Between 1989 and 2003, Liberia suffered two bloody civil wars. During this time, nine out of every ten schools were seriously affected, either entirely destroyed or damaged and looted. Although Liberia’s wars ended over a decade ago, many of its schools are still not functioning properly. On a recent visit to Monrovia with Save the Children, I visited a school whose buildings were still standing, but there was not much else to support the needs of the school’s 1,300 students. No books, no lab equipment, only broken chairs. What the bandits stole more than ten years ago had still not been replaced.
In Abidjan, in neighbouring Cote d’Ivoire, during the post-election crisis in 2010 and 2011, rival forces destroyed, damaged, looted or took over almost 500 schools and university buildings. In both countries, Ministers of Education, Defence ministers and other senior officials made emphatic statements that such whole-sale damage to their country’s education infrastructure must never be allowed to happen again. Sadly, of course, we know it is happening again – not in Liberia, and as of 2013 not in Cote d’Ivoire, but elsewhere. In war-torn Syria, schools have been bombed and fired upon, and education is suspended in large swathes of the country. The Syrian children receiving the best education today are most likely to be those living in refugee camps in neighbouring Jordan and Lebanon.
Over the past 5 years, hundreds of children and adults have been killed as a direct result of attacks against education, while many more have been injured. Hundreds of thousands of students were also denied the right to an education for weeks, months, and often longer. A primary school student in Somalia recalled a terrifying incident he experienced in 2010: “The school was hit by a weapon that sounded like thunder when coming and then made a big explosion.” Three children died in that attack and six were injured. His school was one of several that armed militants used as bases from which to attack opposing forces – locking the children and teachers inside and using them as human shields to protect the fighters from an aggressive counter-attack. Clearly, that strategy often fails.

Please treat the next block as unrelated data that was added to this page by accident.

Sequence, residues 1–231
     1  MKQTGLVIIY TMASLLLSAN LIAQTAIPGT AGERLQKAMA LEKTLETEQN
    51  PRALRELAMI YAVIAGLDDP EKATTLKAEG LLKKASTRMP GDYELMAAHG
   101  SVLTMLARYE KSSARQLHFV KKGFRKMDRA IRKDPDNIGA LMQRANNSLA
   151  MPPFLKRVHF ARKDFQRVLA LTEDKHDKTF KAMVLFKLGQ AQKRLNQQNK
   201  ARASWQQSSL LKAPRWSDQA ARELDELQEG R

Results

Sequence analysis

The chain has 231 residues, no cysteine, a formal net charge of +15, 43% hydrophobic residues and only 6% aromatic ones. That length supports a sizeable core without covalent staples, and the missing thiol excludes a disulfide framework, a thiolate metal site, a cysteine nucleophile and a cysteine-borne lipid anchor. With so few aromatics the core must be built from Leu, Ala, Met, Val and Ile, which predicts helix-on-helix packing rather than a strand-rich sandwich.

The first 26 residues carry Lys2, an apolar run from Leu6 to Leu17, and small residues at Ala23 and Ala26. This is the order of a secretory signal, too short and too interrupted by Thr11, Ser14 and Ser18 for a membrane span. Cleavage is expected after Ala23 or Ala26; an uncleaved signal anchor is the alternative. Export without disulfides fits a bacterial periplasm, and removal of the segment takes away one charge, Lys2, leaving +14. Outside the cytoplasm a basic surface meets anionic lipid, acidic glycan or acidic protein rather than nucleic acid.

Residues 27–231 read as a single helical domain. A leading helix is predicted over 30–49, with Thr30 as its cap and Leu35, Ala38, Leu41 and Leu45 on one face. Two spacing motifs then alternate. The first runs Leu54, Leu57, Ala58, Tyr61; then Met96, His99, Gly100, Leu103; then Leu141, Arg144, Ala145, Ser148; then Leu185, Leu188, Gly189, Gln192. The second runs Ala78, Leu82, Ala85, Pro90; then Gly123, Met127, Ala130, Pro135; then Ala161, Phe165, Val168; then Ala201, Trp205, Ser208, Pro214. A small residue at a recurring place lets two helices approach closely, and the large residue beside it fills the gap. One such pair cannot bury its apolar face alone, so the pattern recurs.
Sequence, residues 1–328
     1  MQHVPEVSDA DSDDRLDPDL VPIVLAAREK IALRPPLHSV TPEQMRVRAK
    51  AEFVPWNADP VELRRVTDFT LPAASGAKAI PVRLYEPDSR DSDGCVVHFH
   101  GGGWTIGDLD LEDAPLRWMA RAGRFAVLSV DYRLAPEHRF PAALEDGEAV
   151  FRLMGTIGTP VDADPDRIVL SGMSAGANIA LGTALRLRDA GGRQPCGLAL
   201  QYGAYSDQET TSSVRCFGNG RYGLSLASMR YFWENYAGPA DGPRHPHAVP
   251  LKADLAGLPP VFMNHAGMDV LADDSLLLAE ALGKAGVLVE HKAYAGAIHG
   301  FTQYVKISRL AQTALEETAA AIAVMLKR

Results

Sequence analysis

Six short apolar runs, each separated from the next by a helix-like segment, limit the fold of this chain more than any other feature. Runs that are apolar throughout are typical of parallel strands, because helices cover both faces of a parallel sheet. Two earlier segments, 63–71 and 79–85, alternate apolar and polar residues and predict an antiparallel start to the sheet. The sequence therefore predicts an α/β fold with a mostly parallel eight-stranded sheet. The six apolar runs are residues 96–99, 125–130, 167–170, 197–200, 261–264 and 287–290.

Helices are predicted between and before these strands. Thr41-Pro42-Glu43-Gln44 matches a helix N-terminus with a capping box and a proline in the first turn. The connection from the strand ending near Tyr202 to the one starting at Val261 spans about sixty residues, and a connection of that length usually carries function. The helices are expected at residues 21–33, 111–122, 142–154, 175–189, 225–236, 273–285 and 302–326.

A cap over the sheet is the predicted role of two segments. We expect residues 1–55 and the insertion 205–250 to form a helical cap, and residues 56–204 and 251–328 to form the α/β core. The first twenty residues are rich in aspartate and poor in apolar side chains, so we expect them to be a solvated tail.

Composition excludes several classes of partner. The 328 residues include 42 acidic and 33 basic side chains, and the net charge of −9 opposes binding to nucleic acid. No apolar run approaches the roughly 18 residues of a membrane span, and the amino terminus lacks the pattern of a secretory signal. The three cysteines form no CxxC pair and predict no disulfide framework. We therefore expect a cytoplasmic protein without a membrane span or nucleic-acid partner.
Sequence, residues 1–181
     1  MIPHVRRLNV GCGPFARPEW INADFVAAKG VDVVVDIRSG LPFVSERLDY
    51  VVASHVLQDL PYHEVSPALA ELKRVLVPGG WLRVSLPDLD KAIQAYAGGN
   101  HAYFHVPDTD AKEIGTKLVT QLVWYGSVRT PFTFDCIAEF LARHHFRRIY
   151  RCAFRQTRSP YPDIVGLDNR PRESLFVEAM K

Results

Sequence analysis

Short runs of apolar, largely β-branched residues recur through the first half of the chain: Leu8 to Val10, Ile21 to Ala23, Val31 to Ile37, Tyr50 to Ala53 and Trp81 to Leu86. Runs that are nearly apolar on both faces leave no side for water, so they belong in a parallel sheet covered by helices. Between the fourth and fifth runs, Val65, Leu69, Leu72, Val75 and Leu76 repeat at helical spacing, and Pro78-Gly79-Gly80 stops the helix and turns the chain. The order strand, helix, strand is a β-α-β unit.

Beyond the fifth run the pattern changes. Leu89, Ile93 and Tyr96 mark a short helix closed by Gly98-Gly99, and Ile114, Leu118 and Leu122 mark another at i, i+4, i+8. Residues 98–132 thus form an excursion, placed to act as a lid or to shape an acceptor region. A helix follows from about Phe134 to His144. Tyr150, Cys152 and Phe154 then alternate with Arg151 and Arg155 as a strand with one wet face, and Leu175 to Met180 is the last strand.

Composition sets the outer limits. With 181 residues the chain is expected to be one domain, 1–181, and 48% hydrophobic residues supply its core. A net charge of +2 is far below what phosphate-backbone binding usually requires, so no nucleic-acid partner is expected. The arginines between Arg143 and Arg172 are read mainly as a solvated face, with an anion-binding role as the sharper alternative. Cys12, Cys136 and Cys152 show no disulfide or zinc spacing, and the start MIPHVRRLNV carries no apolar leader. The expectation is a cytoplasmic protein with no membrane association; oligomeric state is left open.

One of the main reasons schools are targeted is so that they can be used for military purposes. In 25 of the 30 countries profiled in the Global Coalition to Protect Education Under Attack’s 2014 report, rival forces took over schools in whole or part to use them as bases, HQs, firing positions, weapons dumps, detention and torture centres – and in one case, as a mass grave. In Syria, an estimated 1,000 schools have been used for military purposes. For a fighting force concerned about tactical advantage, this makes some sense. Schools are conveniently located; they have large rooms suitable for an array of purposes; and they often have ample grounds for manoeuvring and perimeter fencing that offers security. As I walked around the war-damaged school in Monrovia I saw not just a school but also ideal military headquarters.
Surprisingly, international laws intended to regulate warfare make no special provision for schools. If a fighting force uses a school building or grounds – and the law does not forbid that – an opposing force is permitted under law to attack the school. In some circumstances, an attack is lawful even if the school is occupied by students and teachers. But in order to ensure that schools and universities are better protected during wartime and protect children’s futures, the Coalition decided to take a pragmatic, rather than legal, approach. In 2012, with an initial draft in hand, I met with a wide range of legal and military experts from around the world in Lucens, Switzerland, where we produced the Lucens Guidelines for Protecting Schools and Universities from Military Use during Armed Conflict. The challenge now lies in convincing states as well as established non-state armed groups to adopt and abide by these.
Liberia and Cote d’Ivoire, but also a number of other States, have already responded enthusiastically to the guidelines. In countries currently affected by armed conflict, reaching and persuading rebel groups to use the guidelines is also essential. Working through an organization called Geneva Call, whose function is to promote compliance with the law among non-state armed groups, I’ve trained members of such groups in use of the Lucens Guidelines and found them to be receptive.
Adoption of the Lucens Guidelines will not prevent every attack or disruption of education during armed conflict. But the guidelines will make a huge difference. If fighting forces don’t use schools, opposing forces will have much less incentive to target them. And when schools can still function as schools, war-torn societies will have a much better chance of recovery. Children, after all, are a country’s future, and without an education, that future will be bleak indeed.
The writer is a Professor of International Law at the University of Greenwich, and served for more than thirty years as a British Naval officer.